gms | German Medical Science

58. Jahrestagung der Deutschen Gesellschaft für Neurochirurgie e. V. (DGNC)

Deutsche Gesellschaft für Neurochirurgie (DGNC) e. V.

26. bis 29.04.2007, Leipzig

Frontal skull base (pseudo-)mucocele – delayed complications after head injuries

Frontobasale (Pseudo-)Mukozelen – späte Komplikationen nach Schädel-Hirn-Traumata

Meeting Abstract

  • corresponding author B. Fischer - Klinik und Poliklinik für Neurochirurgie, Universitätsklinikum Münster
  • A. Jeibmann - Institut für Neuropathologie, Universitätsklinikum Münster
  • H. Wassmann - Klinik und Poliklinik für Neurochirurgie, Universitätsklinikum Münster
  • D. Moskopp - Klinik und Poliklinik für Neurochirurgie, Universitätsklinikum Münster

Deutsche Gesellschaft für Neurochirurgie. 58. Jahrestagung der Deutschen Gesellschaft für Neurochirurgie e.V. (DGNC). Leipzig, 26.-29.04.2007. Düsseldorf: German Medical Science GMS Publishing House; 2007. DocFR.08.03

Die elektronische Version dieses Artikels ist vollständig und ist verfügbar unter:

Veröffentlicht: 11. April 2007

© 2007 Fischer et al.
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Objective: Patients with blunt or penetrating injuries of the frontal skull basedo not always present neurological deficits. In some of them, especially in the time before computer tomography (CT) and magnetic resonance imaging (MRI), the extent of injury and possible intracranial foreign bodies were not revealed by imaging techniques and the injury was not diagnosed as such. We report on our experience with 5 patients with frontal (pseudo-)mucoceles, which occurred up to 46 years after initial injury, differences in symptomatology, surgical treatment, intraoperative findings, results of microbiological examinations and clinical outcome.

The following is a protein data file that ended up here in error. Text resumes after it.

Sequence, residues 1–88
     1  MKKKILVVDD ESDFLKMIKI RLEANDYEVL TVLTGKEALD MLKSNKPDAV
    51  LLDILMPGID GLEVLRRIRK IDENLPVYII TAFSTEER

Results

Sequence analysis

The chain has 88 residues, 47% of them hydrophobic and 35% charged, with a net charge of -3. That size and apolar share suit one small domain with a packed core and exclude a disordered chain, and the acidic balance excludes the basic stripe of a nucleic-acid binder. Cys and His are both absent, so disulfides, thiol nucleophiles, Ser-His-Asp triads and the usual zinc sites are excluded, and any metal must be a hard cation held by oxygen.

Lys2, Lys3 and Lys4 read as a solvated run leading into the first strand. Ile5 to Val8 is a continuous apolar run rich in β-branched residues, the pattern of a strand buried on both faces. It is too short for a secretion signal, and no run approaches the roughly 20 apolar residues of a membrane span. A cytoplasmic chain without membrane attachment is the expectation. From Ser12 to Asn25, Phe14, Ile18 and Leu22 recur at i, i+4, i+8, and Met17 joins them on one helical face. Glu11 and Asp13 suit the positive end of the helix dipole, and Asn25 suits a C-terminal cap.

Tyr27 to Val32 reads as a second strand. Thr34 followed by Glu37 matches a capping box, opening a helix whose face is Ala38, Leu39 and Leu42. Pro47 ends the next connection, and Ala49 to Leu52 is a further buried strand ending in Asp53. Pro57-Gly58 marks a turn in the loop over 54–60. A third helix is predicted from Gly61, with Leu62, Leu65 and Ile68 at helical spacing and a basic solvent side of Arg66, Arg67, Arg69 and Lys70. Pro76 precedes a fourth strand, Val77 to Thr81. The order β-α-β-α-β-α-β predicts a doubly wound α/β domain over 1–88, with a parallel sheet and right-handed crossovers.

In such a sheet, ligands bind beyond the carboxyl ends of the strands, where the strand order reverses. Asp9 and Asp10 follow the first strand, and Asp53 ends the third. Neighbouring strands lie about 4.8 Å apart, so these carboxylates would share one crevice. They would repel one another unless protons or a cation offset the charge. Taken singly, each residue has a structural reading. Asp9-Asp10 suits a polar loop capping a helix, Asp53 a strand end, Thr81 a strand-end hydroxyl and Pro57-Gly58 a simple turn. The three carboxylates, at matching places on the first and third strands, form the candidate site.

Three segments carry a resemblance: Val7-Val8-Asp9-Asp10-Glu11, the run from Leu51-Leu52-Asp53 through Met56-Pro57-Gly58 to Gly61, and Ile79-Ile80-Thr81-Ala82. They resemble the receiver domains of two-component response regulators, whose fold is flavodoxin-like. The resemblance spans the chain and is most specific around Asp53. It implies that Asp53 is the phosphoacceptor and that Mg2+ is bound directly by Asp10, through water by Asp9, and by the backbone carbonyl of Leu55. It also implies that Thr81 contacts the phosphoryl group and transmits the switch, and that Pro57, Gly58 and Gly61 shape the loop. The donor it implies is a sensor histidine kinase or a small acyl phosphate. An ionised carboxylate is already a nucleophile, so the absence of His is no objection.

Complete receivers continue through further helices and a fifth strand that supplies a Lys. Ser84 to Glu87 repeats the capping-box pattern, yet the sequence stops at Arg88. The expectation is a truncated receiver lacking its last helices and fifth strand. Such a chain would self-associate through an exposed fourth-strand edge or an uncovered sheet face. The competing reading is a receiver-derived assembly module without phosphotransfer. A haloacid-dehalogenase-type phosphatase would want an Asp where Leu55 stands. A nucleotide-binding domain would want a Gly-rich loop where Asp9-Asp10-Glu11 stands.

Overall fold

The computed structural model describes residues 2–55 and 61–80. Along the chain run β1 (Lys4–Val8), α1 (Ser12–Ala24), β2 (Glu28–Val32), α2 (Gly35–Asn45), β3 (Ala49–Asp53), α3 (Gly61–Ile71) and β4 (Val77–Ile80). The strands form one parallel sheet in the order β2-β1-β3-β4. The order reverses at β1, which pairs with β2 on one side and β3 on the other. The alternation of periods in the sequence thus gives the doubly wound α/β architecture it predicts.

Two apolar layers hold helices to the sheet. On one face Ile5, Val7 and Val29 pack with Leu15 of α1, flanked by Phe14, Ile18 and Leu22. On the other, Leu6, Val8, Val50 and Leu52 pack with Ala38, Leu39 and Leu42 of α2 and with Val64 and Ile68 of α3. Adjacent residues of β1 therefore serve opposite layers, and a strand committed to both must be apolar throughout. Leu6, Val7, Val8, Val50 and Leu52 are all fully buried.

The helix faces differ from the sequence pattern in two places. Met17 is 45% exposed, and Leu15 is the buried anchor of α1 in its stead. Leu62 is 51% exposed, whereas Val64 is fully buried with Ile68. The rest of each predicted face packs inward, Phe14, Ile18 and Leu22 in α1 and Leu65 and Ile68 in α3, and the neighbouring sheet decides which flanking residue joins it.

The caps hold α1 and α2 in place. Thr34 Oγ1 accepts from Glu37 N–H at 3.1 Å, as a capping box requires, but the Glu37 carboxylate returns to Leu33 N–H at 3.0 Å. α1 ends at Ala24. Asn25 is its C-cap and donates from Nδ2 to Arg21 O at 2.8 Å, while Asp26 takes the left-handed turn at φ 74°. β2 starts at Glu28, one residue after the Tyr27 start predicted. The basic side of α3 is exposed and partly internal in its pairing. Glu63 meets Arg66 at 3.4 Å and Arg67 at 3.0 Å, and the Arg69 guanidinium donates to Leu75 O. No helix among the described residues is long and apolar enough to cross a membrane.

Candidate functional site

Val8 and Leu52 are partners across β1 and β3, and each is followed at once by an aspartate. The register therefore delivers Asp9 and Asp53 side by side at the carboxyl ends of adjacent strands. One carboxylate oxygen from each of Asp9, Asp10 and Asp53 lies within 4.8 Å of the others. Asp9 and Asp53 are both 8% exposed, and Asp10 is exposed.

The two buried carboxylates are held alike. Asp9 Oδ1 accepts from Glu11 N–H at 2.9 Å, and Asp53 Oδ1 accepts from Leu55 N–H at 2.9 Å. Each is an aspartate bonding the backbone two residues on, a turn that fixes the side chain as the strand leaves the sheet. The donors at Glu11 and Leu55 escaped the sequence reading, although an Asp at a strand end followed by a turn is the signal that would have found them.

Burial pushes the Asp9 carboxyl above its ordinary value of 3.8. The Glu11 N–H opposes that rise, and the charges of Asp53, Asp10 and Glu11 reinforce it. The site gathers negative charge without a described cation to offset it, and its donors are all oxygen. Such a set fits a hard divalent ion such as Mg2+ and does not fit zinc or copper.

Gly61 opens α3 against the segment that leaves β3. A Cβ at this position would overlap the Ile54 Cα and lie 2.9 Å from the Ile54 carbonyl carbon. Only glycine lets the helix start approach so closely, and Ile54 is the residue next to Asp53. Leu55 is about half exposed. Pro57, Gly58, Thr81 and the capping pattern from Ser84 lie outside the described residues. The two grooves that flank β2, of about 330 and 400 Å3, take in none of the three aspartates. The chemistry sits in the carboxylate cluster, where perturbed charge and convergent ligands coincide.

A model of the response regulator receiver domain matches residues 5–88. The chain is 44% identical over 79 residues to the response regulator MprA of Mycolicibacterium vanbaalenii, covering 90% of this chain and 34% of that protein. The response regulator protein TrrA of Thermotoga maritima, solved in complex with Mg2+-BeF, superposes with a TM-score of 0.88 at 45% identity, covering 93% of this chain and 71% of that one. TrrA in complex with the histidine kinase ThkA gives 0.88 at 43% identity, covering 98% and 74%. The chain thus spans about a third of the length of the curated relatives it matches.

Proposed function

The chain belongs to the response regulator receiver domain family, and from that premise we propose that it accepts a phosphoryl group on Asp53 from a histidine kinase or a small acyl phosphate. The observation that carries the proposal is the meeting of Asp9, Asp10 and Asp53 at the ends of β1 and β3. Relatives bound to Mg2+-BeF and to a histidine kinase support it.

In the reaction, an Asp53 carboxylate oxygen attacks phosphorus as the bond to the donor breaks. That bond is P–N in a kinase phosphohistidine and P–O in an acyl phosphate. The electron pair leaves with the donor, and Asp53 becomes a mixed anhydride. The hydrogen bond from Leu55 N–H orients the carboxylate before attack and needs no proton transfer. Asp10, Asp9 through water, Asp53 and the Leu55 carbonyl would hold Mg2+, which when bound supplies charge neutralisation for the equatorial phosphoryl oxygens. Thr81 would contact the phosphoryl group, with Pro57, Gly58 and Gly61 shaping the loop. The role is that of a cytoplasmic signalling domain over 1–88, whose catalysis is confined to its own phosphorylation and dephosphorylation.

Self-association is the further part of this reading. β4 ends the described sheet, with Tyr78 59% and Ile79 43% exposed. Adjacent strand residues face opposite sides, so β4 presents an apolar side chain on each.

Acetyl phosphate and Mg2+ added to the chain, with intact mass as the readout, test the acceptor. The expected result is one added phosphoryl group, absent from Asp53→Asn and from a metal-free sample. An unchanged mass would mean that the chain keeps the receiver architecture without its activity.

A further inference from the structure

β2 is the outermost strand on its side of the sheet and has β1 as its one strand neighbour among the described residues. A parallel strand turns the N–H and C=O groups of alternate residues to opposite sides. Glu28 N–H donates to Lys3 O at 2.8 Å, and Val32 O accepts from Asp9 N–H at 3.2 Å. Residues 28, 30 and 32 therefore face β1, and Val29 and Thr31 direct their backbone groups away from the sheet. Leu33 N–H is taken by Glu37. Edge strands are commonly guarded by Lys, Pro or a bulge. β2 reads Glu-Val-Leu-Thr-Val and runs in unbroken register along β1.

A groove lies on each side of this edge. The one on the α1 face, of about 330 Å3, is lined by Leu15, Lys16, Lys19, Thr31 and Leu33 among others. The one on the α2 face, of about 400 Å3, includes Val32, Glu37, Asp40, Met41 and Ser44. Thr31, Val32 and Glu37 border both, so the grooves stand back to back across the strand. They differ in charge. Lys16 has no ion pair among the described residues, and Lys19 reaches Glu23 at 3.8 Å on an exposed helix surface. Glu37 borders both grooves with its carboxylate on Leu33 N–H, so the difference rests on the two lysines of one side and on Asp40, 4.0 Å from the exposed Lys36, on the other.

Methods: In a retrospective study (last decade) of our internal database, 5 male patients with a late onset of a (pseudo-)mucocele after head injury were identified. Mean duration between initial injury and diagnosis was about 28.6 years (range: 14 to 46 years). All patients were treated initially in emergency departments and 3 of them with reconstruction of frontal skull base; in 1 patient only the external part of a foreign wooden body had been resected, without neuroimaging evaluation. In the 5th patient, the orbital roof as well as the eyeball were damaged by a blunt trauma and needed to be enucleated and replaced by a prosthesis at the same time. All patients with secondary symptoms were admitted with swelling of the eyelid, protrusion of the eyeball or dislocation of the eye prosthesis (5th patient).

Results: Reconstructive surgery of the frontal skull base was performed by removing the foreign bodies and mucoceles, cranialization and exenteration of the frontal sinus, subsequently covering it with a periosteal flap or fascia lata. During operation encapsulated wooden fragments were found in 2 patients. of Extensive microbiological examinations the foreign bodies as well as from the mucoceles were carried out. Only in one patient with a mucocele and the shortest period after injury (14 years) was Staphylococcus aureus found. In all patients broad spectrum antibiotic therapy was administered for 2 weeks. After a follow-up period of 3.4 years, no new mucocele or local infection was seen.

Conclusions: The best strategy for preventing the delayed onset of post-traumatic (pseudo-)mucocele formations consists of initial adequate neuroimaging techniques and an excellent first surgical performance. Nowadays every patient with suspected blunt or penetrating orbito-cranial injury and/or fracture of the frontal sinus should have a cranial CT with reconstruction. Furthermore, if surgery is necessary, resection of necrosis and foreign bodies as well as reconstruction of the frontal skull base should definitely be performed in one session.